Disruption is happening whether we like it or not, says Dave Maslen, NZ Merino general manager for markets and sustainability.
The FeetFirst project, part of a Primary Growth Partnership between the New Zealand Merino Company (NZM) and the Ministry for Primary Industries, is using genetic testing to identify fine-wool sheep with resistance to footrot. Researchers are now close to developing a simple test for growers to eliminate footrot using selective breeding.
Estimates suggest that footrot costs New Zealand’s fine wool sector up to $10 million each year in lost productivity and treatment, according to NZ Merino.
John Brakenridge, NZM chief executive, says finding an answer to reduce footrot in fine wool flocks would significantly improve the sector’s profitability.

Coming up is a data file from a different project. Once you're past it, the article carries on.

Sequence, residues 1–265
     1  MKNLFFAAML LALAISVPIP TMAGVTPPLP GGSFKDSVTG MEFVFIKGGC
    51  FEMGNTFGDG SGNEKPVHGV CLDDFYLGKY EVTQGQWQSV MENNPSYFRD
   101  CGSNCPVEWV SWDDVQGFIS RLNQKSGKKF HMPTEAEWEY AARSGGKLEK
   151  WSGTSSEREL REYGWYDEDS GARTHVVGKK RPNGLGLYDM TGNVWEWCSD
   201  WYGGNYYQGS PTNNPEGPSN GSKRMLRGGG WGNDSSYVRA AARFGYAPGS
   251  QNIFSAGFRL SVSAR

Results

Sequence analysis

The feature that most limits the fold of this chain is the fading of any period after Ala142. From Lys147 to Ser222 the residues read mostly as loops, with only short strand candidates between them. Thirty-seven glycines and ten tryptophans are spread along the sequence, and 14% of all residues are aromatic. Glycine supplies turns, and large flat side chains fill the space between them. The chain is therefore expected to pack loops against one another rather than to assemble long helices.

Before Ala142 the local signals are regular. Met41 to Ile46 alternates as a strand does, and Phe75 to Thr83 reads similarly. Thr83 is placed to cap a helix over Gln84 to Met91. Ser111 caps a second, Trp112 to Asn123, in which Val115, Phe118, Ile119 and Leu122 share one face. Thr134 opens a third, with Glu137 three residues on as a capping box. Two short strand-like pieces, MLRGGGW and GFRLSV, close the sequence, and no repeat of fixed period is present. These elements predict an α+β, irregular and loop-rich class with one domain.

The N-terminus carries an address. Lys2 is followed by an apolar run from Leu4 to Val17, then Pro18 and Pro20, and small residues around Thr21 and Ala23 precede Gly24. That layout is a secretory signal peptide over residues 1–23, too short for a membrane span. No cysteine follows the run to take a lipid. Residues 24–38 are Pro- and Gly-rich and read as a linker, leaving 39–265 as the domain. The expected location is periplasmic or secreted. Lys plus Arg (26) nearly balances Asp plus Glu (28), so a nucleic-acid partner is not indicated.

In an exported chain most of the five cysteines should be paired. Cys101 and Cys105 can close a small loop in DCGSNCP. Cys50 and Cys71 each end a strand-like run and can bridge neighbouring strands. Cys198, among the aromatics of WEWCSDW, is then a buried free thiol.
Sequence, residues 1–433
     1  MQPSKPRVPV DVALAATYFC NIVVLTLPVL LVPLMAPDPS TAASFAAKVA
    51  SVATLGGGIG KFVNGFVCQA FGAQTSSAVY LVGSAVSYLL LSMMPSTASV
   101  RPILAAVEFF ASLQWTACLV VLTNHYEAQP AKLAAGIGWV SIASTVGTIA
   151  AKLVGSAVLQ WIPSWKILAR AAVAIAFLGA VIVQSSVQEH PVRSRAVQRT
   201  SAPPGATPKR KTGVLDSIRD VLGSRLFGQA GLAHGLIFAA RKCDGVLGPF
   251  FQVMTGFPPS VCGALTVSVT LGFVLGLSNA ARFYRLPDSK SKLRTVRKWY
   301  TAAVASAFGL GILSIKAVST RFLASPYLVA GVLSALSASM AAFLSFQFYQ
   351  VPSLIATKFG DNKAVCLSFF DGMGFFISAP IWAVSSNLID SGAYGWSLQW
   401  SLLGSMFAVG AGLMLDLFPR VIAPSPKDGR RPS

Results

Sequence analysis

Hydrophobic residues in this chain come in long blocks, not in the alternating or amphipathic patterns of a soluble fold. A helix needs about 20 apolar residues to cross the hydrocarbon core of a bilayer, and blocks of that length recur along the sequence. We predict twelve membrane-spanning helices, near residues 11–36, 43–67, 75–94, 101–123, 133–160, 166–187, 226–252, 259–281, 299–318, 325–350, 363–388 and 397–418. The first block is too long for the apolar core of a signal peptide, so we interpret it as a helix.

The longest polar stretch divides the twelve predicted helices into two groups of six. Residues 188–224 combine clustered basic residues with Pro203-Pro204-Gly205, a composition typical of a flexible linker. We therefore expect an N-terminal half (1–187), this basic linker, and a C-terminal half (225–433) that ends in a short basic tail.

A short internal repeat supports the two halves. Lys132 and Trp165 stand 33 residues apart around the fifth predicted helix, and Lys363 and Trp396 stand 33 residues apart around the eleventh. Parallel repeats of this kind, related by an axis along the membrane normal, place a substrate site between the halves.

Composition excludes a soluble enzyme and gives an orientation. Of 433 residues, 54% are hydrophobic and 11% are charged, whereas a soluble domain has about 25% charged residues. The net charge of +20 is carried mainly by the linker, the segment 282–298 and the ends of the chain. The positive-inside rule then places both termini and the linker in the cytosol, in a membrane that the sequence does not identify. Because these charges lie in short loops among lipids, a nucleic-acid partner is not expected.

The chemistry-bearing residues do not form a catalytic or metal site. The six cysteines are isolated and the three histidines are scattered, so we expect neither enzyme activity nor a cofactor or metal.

“Footrot is one of the biggest barriers to producing fine wool. It also limits the expansion of fine wool breeds beyond the high country because wetter, warmer conditions are more conducive to infection.”
“The answer will be a simple and effective genetic test that farmers can use to combat footrot through selective breeding.”
Geneticists based at the Animal Genetics and Breeding Unit of the University of New England have done initial tests on the dataset to see how accurately a sheep’s resistance (or susceptibility) to footrot can be determined from DNA samples.
NZM production science manager, Dr Mark Ferguson, says the goal of the project is to develop a new genomic breeding value (gBV).
“Genetics plays a major role in fighting footrot because some sheep are genetically less susceptible to the disease. The development of an accurate gBV will be a major breakthrough in allowing breeders to predict footrot resistance from a single DNA sample,” he says.
The next phase of the FeetFirst project is to further build the accuracy of the gBV through progeny testing of an additional 100 fine-wool rams over the next two breeding seasons.
“We’re making encouraging progress,” says Ferguson. “Ultimately we could see footrot bred out of the New Zealand fine-wool flock. That would be a tremendous result for farmers and the fine-wool industry.”